Tag Archives: Commemoration

Commemorating World War II at 70: Ethnic and Transnational Perspectives – An Introduction

Almost 70 years after it ended, World War II is still a lastingly shaping event in global public history. In the United States, the image of the “Good War” prevails, and the remembrance of the soldiers is marked by the display of national heroism, as the dedication of the National World War II Memorial on the Mall in D.C. in 2004 exemplifies as much as recent Hollywood films such as David Ayer’s Fury (2014) or George Clooney’s The Monuments Men (2014). This national narrative of unity and moral self-confidence, however, is counterpointed by the experiences—both within and after the war—of ethnic American individuals and groups.

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Keeping Time with the Good War

This essay suggests several ways to think about changing modes of commemoration of World War II in light of the arbitrary nature of calendars, the reasons we give to justify war, the role of bodies, and, the way we frame memory and history. It proposes an exceptionalist reading of the war and links its singular attributes to the unusual trajectory of its memorialization and commemoration. Finally, it turns to Mircea Eliade’s theory of “eternal return” as a conceptual framework to reconsider the relationship between the uses of history and memory in modern commemorative practices.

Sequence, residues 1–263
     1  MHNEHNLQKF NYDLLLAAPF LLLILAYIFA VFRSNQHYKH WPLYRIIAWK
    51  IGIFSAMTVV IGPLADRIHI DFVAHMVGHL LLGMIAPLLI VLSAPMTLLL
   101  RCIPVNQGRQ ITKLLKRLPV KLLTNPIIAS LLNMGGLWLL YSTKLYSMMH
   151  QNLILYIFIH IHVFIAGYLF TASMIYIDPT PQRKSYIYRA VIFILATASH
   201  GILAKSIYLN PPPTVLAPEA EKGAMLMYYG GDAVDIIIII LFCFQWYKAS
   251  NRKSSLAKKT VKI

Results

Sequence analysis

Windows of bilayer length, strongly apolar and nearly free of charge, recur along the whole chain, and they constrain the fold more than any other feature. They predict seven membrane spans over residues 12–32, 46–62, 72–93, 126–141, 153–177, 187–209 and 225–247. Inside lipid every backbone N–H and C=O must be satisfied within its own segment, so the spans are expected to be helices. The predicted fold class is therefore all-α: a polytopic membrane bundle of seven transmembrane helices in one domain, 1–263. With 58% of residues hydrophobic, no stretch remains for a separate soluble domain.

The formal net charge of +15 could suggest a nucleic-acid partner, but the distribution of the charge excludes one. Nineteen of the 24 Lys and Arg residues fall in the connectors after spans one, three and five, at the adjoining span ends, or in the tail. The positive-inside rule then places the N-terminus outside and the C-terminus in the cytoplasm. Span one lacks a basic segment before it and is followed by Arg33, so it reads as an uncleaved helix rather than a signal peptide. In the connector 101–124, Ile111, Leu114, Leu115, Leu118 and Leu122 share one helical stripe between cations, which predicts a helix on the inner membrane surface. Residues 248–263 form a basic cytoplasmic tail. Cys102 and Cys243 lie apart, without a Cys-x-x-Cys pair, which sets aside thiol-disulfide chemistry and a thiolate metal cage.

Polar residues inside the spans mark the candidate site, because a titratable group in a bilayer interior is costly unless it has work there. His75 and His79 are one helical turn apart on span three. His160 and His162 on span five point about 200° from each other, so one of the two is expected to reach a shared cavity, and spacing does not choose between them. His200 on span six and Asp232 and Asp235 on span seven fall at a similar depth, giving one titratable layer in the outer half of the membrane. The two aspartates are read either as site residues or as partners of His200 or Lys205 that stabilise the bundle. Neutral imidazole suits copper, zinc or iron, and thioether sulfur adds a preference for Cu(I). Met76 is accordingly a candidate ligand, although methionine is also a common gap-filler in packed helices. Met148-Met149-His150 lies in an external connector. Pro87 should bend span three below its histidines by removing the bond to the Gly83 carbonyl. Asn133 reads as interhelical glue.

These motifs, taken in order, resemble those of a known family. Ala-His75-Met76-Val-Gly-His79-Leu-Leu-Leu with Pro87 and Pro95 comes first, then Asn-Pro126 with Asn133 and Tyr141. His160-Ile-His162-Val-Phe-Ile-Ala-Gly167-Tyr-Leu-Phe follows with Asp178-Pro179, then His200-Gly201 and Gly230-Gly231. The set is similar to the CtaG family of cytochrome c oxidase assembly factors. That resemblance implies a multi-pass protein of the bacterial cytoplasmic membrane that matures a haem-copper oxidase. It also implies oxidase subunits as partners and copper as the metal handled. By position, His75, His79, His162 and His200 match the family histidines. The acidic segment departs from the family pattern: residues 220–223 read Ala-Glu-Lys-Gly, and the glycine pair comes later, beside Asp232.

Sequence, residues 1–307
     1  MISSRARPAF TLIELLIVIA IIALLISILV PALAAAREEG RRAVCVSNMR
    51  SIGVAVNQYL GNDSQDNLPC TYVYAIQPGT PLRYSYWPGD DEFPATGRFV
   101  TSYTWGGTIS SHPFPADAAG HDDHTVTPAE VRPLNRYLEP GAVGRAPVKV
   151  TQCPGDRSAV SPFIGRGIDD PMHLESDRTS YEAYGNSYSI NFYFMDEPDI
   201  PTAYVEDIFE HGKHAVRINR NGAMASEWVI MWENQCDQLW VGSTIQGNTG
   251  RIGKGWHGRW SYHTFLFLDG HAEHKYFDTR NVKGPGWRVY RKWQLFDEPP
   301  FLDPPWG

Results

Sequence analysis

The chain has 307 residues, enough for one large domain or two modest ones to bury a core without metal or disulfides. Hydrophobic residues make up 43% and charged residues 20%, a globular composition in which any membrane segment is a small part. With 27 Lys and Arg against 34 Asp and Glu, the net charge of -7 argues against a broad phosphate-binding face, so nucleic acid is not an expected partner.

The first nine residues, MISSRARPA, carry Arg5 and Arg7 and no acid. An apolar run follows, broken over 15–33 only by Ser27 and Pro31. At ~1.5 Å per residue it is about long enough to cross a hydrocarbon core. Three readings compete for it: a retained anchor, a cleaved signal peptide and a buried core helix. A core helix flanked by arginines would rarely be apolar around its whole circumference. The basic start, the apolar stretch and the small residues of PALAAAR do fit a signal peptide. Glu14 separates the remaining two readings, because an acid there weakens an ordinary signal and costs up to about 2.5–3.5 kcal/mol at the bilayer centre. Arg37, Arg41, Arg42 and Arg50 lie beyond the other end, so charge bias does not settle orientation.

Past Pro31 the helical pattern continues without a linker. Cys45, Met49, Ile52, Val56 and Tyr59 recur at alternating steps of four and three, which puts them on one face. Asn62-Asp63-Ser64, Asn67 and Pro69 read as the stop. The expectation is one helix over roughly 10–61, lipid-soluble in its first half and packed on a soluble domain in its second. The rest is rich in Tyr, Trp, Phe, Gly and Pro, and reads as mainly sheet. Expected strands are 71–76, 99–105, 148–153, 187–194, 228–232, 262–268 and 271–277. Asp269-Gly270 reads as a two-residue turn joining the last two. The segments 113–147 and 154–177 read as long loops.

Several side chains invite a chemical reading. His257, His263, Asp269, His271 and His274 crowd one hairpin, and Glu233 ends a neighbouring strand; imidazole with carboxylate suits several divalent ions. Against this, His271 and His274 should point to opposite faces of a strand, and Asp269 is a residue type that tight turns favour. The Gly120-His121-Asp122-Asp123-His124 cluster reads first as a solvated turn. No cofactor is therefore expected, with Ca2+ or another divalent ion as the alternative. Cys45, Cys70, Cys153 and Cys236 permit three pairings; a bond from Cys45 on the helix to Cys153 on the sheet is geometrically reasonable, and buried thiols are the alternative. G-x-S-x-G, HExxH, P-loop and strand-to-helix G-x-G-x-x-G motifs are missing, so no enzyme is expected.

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Commemorating the Port Chicago Naval Magazine Disaster of 1944: Remembering the Racial Injustices of the ‘Good War’ in Contemporary America

On July 17, 1944, the largest homeland disaster that the United States experienced during World War II occurred at the Port Chicago Naval Magazine, a deep-water terminal thirty miles northeast of Oakland, California. Some 320 men, almost all African American sailors, were instantly killed when two ships being loaded with ammunition exploded. Initial responses to the disaster reflect the deep racial injustices of the era. This essay considers how contemporary recollections of the Port Chicago disaster both challenge and reify conventional narratives about World War II.

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